By Will Bashor
Posted: 10/16/2013 / http://www.huffingtonpost.com/will-bashor/marie-antoinettes-crazies_b_4109620.html
Marie Antoinette has remained atop the popular cultural landscape for centuries for the daring in style and fashion that she brought to 18th century France. For the better part of the queen's reign, one man was entrusted with the sole responsibility of ensuring that her coiffure was at its most ostentatious best. Who was this minister of fashion who wielded such tremendous influence over the queen's affairs?
"Marie Antoinette's Head: The Royal Hairdresser, The Queen, and the Revolution" (Lyons Press) charts the rise of Leonard Autie from humble origins as a country barber in the south of France to the inventor of the pouf and premier hairdresser to Queen Marie-Antoinette. By unearthing a variety of sources from the 18th and 19th centuries, including memoirs, court documents, and archived periodicals, author Will Bashor tells Leonard's mostly unknown story, chronicling Leonard's story, the role he played in the life of his most famous client, and the chaotic and history-making world in which he rose to prominence.
Leonard, often taken for nobility, would enter the queen's private salon soon after her entourage of ladies-in-waiting dressed her. It was he who fashioned the ever-fantastic edifices of hair, sometimes adding feathers and accessories to create elegant hairstyles up to four feet high. But it could also be said that Leonard was indirectly responsible for the very first attacks upon the queen, found in inflammatory pamphlets circulating as early as 1775. The attacks were prompted by Leonard's incredibly fanatical hairstyles, concoctions that reached such a height that it was necessary for ladies to kneel on the carriage floor--or hold the towering hairpieces outside the coach windows en route to gala balls and the opera.
Noble ladies of the court of Versailles felt obliged to imitate the queen's new and daring hairstyles, despite the danger of becoming burning infernos when they brushed against the candles of the palace chandeliers. The young ladies of Paris were also enthralled with the newfangled trends, drastically increasing their coiffure expenses and incurring large debts. Mothers and husbands grumbled, family fights ensued, and many relationships were irreparably damaged. In all, the general consensus of the French people was well publicized--the queen was bankrupting all the women of France, financially and morally.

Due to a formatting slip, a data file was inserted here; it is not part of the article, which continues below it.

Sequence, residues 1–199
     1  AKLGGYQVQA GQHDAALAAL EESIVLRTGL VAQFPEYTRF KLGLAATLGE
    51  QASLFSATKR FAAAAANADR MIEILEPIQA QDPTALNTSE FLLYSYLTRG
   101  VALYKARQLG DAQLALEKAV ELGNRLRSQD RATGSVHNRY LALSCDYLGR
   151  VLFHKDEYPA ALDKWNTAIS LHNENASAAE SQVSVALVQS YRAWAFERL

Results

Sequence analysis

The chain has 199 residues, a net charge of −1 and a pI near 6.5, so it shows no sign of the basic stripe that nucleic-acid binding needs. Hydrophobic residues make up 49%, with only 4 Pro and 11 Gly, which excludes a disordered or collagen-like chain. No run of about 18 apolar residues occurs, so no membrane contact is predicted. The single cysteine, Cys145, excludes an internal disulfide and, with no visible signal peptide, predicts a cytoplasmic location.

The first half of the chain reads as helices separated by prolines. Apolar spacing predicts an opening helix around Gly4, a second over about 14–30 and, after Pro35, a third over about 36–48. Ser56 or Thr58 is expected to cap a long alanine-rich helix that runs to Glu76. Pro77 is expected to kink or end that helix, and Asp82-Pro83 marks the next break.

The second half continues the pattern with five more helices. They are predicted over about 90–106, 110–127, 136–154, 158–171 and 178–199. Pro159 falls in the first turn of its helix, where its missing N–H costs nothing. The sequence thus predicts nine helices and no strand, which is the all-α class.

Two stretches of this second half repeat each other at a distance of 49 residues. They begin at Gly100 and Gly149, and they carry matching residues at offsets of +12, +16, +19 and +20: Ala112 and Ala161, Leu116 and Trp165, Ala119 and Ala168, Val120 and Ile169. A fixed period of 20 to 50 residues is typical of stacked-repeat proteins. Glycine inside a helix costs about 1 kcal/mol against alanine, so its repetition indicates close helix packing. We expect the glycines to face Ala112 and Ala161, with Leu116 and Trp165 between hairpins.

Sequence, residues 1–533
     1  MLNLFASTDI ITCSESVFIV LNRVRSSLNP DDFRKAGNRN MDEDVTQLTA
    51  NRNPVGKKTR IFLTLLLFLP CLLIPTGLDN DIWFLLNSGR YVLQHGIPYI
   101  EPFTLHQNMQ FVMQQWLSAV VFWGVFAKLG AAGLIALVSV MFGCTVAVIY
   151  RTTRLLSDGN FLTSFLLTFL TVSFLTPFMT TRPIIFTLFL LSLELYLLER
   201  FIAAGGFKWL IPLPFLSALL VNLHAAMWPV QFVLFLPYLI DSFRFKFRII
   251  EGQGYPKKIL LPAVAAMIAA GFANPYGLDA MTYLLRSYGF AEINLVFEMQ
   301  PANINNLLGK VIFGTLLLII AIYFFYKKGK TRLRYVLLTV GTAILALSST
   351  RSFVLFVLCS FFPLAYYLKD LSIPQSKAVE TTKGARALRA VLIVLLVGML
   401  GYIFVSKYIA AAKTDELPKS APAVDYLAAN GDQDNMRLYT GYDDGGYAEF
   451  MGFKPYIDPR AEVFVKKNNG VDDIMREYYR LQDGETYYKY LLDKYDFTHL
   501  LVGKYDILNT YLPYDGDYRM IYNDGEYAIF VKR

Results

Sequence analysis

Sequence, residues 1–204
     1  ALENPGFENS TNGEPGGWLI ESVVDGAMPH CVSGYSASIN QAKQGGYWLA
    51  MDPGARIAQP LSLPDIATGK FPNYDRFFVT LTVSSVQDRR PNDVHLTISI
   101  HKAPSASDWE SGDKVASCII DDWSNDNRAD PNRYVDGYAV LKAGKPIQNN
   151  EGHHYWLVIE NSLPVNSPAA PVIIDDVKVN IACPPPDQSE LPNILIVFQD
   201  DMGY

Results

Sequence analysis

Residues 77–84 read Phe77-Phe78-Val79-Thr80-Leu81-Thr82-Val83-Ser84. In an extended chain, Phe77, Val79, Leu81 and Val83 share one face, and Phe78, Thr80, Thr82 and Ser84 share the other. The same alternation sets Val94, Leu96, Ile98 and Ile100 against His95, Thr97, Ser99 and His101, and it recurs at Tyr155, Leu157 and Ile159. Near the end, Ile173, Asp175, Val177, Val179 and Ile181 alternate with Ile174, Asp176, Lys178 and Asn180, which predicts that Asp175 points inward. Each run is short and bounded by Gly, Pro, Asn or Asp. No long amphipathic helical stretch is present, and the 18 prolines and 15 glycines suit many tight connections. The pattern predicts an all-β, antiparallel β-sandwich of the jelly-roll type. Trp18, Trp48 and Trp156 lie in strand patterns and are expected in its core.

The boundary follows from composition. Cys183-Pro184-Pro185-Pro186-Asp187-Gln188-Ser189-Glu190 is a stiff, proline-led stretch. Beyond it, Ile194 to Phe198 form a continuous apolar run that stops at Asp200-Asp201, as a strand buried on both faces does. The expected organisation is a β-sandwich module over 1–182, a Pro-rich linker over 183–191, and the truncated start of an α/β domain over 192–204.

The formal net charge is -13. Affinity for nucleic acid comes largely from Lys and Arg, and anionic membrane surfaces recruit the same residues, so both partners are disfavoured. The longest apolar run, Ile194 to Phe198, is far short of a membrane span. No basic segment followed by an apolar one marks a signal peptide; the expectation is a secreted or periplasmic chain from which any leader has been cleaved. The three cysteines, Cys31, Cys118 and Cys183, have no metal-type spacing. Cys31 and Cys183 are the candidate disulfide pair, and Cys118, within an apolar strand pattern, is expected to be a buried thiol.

Leonard Autie unexpectedly received Princess Marie Antoinette’s first request for an elaborate coiffure for the opera one evening. It would be a risky endeavor because he was a bit tipsy. While Leonard slowly separated the princess’s hair, attempting to conjure something magical, he no doubt was battling the thumping arteries of his temples. Fortunately, Leonard’s panic gave way to inspiration, and within an hour his flock of curls was able to hold three white ostrich plumes, set on the left side of her head and fastened in the middle of a rosette he had braided with her hair. A bow of pink ribbon, in the center of which was a large ruby, held the elaborate creation together.
Pouf "Jolie Femme"
Marie Antoinette’s amazing pouf. She examined it in silence. For a moment, from the wrinkled eyebrows, the princess appeared somewhat disappointed, saying, “My hairstyle is perfect, and it is admirably planned, but it is remarkably bold.” However, this frown lasted only an instant, when, like a flash, her face lit up with delight: “Oh, Leonard, it must be over a yard high!” Leonard admitted that the arrangement was daring, but he promised that there would be two hundred hairstyles higher than hers in Paris by the following evening. Her subjects would throng to catch a glimpse of the elaborate hairstyles created by Leonard, and as he predicted, they soon spared no expense to imitate them.
Marie Antoinette’s milliner, Mademoiselle Bertin, invented the ques-a-co, or “what is it?” coiffure, becoming an immeasurable success. It was composed of three feathers that ladies wore on the back of the head, creating a design resembling a question mark. Leonard was very fond of Mademoiselle Bertin, often commenting that their fortunes “trudged along hand in hand like two good sisters.” But Leonard was jealous; in fact, Mademoiselle Bertin’s laurels and praise were beginning to prevent Leonard from sleeping at night. He needed just one more of those grand ideas, one that would overthrow all existing vogues—not only to win back the favor of the dauphine, and to assuage his bitterness at Mademoiselle Rose, but to keep his name on the tongues of Paris.
The Pouf Sentimental
After many sleepless nights, Leonard finally came up with a new sensation: the pouf sentimental. It was the spirit of rivalry with Mademoiselle Rose that brought these headdresses to such monstrous heights, both literally and figuratively. The pouf was first worn by Madame the Duchess of Chartres in the month of April 1774. The duchess’s pouf was composed of